what is Marker interface in java with example

          One of the useful technique in java is marker interface. What is Marker interface? Why and when it is required?. Can you create your  custom (own)  marker interface?  These are  some of the questions about marker interface  asked in core java interviews.  Before start with  marker interface , let us brief about interface.  As we know, an interface is a named set of  method definitions  (and/or constant data elements) for which an implementer must provide code.  Methods defined in an inlterface have no method body. The  implementer of the interface is responsible for providing the method body.

                   Marker interface is  an interface that does not contain any method declarations and constants at all (i.e. interface with no members) but  to mark a class that implements the interface as legal to do special operation on that object OR to indicate a class  as having certain desirable properties.  As marker interface has no method declarations  , no need to write any extra methods in a class that implements the  empty interface.
marker  interface is defined as given below

public interface  interfaceName {
You can understand very well by going through some of the below examples of the application of marker interfaces from the Java programming language.
1. Serializable
2. java.util.RandomAccess
3. Cloneable
4. EventListner
5. SingleThreadModel
6. Remote

Before going to the examples  , let us answer the following questions?
1. Can you  serialize the state of an object  for its particular class which is not Serializable using writeObject() method  of  ObjectOutputStream class ?
2. Can you clone (shallow copy)  a  object which is not marked as Cloneable  using the clone() method of object?

The answer is no. The concerned classes are need to be marked or indicated  as legal for those methods to do the specified operation.  How to mark those objects as legal?. The best way is to  implement the class  with the special interface called marker  interface . The methods (for e.g. clone() and writeObject() )  that do the special operations (cloning , serialization)  will do  the check whether the object of the class is marked as legal (i.e. whether the object is  instance of marker Interface type or  instance of the class that implements the marker interface) .  If it is not marked as legal , then the method throws errors.   for eg.   NotSerializableException is thrown by writeObject()  method,  CloneNotSupportedException is thrown by the clone() method.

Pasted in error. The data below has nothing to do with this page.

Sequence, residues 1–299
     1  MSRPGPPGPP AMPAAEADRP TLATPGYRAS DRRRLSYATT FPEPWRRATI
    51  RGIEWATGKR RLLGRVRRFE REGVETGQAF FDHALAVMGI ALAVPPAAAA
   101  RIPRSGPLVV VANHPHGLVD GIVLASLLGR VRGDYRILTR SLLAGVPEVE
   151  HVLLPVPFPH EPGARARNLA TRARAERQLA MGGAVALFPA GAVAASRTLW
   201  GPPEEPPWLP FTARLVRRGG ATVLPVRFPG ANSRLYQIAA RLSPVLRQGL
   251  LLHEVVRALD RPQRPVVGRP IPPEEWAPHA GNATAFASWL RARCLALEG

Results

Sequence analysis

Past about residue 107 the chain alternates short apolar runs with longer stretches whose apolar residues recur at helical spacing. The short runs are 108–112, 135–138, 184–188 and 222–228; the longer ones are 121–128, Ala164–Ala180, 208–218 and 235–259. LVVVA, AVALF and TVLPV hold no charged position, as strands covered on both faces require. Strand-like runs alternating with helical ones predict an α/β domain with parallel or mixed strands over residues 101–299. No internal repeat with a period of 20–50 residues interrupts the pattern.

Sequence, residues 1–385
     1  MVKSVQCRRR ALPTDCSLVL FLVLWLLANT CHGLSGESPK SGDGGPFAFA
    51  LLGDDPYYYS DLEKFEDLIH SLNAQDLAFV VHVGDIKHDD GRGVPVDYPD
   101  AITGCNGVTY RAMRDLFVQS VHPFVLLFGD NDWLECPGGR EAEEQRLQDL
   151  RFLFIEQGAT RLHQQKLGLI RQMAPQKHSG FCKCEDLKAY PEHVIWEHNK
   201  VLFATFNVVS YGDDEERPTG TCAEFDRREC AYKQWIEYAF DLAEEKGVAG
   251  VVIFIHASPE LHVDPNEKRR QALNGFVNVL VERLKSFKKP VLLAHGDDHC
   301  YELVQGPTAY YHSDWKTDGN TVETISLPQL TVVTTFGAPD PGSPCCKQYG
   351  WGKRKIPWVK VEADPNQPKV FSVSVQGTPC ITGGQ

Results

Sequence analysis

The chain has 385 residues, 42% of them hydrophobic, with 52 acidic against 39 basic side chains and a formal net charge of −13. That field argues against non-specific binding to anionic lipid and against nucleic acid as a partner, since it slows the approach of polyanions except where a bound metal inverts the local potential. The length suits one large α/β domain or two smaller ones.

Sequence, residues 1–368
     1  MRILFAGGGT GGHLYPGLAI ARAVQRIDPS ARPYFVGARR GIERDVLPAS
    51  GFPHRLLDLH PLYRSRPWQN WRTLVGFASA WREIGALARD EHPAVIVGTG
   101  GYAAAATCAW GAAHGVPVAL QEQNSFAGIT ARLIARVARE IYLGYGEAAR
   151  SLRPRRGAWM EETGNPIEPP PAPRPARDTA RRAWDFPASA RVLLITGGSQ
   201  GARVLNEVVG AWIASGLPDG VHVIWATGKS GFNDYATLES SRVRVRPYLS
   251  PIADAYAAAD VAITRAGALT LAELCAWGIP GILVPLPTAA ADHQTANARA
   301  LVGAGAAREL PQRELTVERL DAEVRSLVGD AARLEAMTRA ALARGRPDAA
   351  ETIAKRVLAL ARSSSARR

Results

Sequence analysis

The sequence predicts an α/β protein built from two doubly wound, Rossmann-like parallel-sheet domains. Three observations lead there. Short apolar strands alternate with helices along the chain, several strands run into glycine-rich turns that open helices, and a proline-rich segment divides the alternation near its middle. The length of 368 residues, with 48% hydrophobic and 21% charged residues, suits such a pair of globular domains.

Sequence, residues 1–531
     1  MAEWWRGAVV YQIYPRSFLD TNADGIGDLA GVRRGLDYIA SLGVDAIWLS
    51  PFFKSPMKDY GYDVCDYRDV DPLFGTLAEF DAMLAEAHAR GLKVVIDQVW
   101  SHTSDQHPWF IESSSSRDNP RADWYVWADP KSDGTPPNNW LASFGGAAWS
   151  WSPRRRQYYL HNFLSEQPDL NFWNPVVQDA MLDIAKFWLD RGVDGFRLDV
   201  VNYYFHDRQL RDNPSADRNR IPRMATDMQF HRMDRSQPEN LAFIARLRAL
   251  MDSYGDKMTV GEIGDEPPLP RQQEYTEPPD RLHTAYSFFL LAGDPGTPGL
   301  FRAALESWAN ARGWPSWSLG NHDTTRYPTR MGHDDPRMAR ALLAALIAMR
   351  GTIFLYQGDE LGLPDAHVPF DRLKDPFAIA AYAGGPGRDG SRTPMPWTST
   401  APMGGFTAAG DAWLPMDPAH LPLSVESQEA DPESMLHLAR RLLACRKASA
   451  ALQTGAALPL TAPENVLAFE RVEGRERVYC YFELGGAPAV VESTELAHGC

1. Let us take the Serializable interface  

public interface Serializable {}
One of the example of the application of marker interfaces from the Java programming language  is  Serializable interface.  By implementing this interface, a class indicates that its non-transient data members can be written to an ObjectOutputStream .    The  method writeObject() of ObjectOutputStream class will do  many instanceof  checks  as given below  to determine writabilty, one of which checks  for the Serializable interface. If any of  these tests fails, the method throws a NotSerializableException. That means an attempt to call ObjectOutputStream.writeObject()  on an object that doesn’t implement Serializable will fail  at run time,


        else if (obj instanceof Enum) {     writeEnum((Enum) obj, desc, unshared);  }

        else if (obj instanceof Serializable) {   writeOrdinaryObject(obj, desc, unshared); }

         else          throw  NotSerializableException exception


2.    Cloneable – a Marker interface
public interface Cloneable {}

                    A class implements the Cloneable interface to indicate to the Object.clone() method that it is legal for shallow copy  ( to make a field-for-field copy of instances of that class) and  CloneNotSupportedException  is thrown to indicate that the clone() method has been called to clone an object, but that the object’s class does not implement the Cloneable interface
Many classes in  Java (such as  Date and Calendar)   implement Cloneable as given below
                          public abstract class Calendar extends Object implements Serializable, Cloneable
               Thus, the instances of these classes can be cloned. For example, the following code clones a calender object.